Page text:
   Freedom to develop and realize one’s potential

   Freedom of speech, expression, participation and association
   Freedom from exploitation for decent work

   Sustenance –meeting basic needs-food and shelter
   Self-esteem- to be a person with identity and dignity, respect, and
    honor and recognition.

   Freedom from servitude, to be able to choose…
Economic Growth and Development

   Economic growth is a rise in per capita income and
    GNP over time..

   Economic Development= A rise in per capita
    income (growth) plus improvement in the quality of
    life, that involves poverty reduction, change in
    structure of the economy that involves people..

   Growth can occur without development.
   Is Development without growth likely??
Measuring Development

Development can be measured in various ways:


   A. Per capital Income Growth- World Bank/IMF

   B.. Quality of life method (PQLI) by OECD

   C. Human Development Index (HDI)- UNDP

   D. Income Inequality & Poverty measures
Measuring Development cont.
   Income/per-capita is narrow and inadequate- but it is important,
    because it correlates with other indicators of development
    such as education and health, and life expectancy.

   Quality of Life can be measured by Physical Quality of Life
    Index (PQLI) uses social indicators such as life expectancy,
    literacy rate, and school enrollment, calorie intake.

   PQLI ranges from 1 to 100- This measure ignores income.
Measuring Development:
The Human Development Index (HDI)

   This approach was developed in 2001 by the UNDP- It is a
    composite index measuring three dimensions:

   1.Life expectancy- longevity average number of years expected
    to live..

   2.Educational attainment- adult literacy (2/3 weight) and
    combined primary secondary and tertiary enrollment ratio (1/3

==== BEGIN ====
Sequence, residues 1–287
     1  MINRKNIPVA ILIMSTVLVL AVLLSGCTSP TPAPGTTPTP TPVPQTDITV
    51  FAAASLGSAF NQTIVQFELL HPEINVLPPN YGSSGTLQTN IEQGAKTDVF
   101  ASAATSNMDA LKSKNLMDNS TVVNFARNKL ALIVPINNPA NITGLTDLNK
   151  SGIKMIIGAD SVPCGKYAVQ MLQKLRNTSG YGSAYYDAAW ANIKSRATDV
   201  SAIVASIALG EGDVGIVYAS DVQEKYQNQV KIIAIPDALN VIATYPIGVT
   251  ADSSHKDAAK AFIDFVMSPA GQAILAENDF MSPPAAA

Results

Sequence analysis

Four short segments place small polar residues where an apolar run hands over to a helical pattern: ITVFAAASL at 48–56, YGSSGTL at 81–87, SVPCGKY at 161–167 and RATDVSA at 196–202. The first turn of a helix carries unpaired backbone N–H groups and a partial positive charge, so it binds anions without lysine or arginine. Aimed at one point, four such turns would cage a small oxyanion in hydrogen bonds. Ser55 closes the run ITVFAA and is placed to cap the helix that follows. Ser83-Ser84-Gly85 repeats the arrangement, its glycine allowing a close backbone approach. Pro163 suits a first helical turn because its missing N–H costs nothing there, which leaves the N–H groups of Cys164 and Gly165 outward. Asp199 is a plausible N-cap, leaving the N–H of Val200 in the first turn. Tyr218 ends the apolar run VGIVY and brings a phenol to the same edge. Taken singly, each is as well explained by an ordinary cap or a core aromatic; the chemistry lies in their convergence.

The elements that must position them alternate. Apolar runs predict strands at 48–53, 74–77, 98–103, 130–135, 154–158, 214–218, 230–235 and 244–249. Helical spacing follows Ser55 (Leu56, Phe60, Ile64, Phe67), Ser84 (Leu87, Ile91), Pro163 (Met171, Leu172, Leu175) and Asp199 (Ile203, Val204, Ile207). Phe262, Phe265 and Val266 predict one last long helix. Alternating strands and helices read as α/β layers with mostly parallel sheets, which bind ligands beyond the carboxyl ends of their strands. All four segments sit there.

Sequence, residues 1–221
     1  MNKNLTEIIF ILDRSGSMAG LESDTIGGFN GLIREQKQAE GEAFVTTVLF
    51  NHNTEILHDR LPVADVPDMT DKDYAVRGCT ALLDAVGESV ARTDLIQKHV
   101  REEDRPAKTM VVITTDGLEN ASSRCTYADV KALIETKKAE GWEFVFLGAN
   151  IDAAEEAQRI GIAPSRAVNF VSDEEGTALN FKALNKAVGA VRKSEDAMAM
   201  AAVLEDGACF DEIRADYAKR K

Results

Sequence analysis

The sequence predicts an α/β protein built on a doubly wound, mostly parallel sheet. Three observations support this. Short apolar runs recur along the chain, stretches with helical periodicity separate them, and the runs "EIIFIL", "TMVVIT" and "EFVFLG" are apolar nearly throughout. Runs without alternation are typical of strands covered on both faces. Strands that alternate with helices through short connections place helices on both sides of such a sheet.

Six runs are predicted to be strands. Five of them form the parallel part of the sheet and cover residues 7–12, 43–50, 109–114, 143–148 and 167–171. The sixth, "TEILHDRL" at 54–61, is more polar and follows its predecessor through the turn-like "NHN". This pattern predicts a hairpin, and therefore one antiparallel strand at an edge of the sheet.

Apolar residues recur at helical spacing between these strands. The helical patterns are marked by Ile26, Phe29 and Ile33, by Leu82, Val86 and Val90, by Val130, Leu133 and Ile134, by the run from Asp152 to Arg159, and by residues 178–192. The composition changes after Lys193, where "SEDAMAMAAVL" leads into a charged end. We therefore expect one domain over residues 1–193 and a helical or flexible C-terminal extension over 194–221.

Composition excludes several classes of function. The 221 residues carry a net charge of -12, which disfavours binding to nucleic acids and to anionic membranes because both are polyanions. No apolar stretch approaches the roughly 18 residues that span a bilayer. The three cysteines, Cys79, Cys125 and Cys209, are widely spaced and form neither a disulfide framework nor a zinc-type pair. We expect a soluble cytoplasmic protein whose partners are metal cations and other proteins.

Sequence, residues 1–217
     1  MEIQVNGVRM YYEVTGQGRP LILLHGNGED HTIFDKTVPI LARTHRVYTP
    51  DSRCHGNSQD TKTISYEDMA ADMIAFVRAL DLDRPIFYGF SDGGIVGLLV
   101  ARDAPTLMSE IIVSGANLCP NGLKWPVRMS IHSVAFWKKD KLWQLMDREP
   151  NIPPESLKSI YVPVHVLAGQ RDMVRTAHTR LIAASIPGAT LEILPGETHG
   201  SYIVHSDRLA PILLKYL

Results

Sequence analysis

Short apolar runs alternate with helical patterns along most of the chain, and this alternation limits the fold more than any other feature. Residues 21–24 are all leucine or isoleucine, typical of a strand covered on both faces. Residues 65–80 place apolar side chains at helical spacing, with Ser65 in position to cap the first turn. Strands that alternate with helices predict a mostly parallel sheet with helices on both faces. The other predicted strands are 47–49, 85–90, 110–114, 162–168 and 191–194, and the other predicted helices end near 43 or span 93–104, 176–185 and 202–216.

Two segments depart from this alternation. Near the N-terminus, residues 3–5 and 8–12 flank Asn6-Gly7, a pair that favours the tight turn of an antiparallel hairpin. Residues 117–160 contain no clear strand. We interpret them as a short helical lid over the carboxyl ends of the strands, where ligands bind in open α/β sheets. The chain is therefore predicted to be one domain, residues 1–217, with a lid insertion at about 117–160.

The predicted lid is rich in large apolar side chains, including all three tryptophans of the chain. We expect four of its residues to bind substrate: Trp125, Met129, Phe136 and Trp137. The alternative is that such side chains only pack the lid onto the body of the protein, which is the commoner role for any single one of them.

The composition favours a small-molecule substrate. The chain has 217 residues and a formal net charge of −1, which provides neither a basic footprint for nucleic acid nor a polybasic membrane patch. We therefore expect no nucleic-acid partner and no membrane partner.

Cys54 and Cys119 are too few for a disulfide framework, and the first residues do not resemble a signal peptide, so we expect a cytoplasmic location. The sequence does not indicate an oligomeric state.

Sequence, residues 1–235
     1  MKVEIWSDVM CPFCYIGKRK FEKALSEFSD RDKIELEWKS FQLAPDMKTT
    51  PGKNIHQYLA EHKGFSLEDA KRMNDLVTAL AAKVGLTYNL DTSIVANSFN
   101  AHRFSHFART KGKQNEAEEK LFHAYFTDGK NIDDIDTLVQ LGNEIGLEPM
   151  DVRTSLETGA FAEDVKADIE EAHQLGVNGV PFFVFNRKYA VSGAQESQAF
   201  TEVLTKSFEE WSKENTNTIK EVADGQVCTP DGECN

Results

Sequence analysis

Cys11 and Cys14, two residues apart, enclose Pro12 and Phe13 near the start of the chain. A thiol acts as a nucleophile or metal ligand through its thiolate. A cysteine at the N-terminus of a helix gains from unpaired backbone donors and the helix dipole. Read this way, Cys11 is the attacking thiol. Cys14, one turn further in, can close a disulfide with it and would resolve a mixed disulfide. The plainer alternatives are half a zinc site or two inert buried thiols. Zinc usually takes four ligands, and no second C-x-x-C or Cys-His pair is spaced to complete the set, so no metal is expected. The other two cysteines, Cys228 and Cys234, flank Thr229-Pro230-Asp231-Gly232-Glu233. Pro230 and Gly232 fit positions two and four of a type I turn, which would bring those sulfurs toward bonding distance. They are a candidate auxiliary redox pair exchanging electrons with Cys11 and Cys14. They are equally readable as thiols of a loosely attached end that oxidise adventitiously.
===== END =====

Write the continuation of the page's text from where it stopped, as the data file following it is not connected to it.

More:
weight)

   3.GNP Per capital in terms of US$ Purchasing power parity..
Measuring Human Development
   The HDI Index ranges from 0 to 1(high)
   Classification by HDI is as follows:

   HDI> 0.800 (high)
   HDI 0.5- 0.799 (medium)
   HDI below 0.500 (Low)

   See Data on Table 3.1

   Note: African states show 80% of the low 36 HDI states.i.e. 28 of
    the lowest HDI ranked states in the world are in Africa. (see Data
    on table 3.1 carefully).
Measuring Income Inequality and Poverty

   Absolute Poverty is measured by the global poverty line of population
    that live on less than $1 a day per person.

   This has two dimensions: Human poverty Index income, which
    refers composite index of depreciation involving: age, knowledge
    (education) and income (standard of living

   Income Poverty: income level to attain a minimum basic needs. This is
    about $1 per day.
   Africa is the only region of the developing world where absolute
    poverty has risen in recent years, it has now reached 50%.

   But, absolute poverty can be potentially eliminated?
Measuring Income Inequality

    Africa also has one of the highest inequality in the world, along
     with Latin America

    Income inequality can be measure by the methods of Lorenz
     Curve and Gini Index or Ratio.

    The Lorenz curve is a curve that relates cumulative
     percentage of income recipients and cumulative
     percentage of income as shown in figure 3.1.

1.   -Area A measures the amount of inequality- see figure
Measuring Inequality Using Gini ratio or
Index (GI)
   Gini Index = A/ (A+B) based on figure 3.1

   GI=0 ( refers to perfect equality)
   GI= 1 ( perfect inequality)

   The closer the GI is to 1 the greater the inequality. Generally Gini
    Index greater than 0.5 shows problem of inequality.
   For example see table 3.2 for measures of inequality in various
    countries. Which countries have the highest inequality?

Examples: high inequality states:
Zimbabwe=0.568, South Africa= 0.59, Sierra Leone =0.629

Relatively low inequality? Egypt= 0.289, Ghana 0.327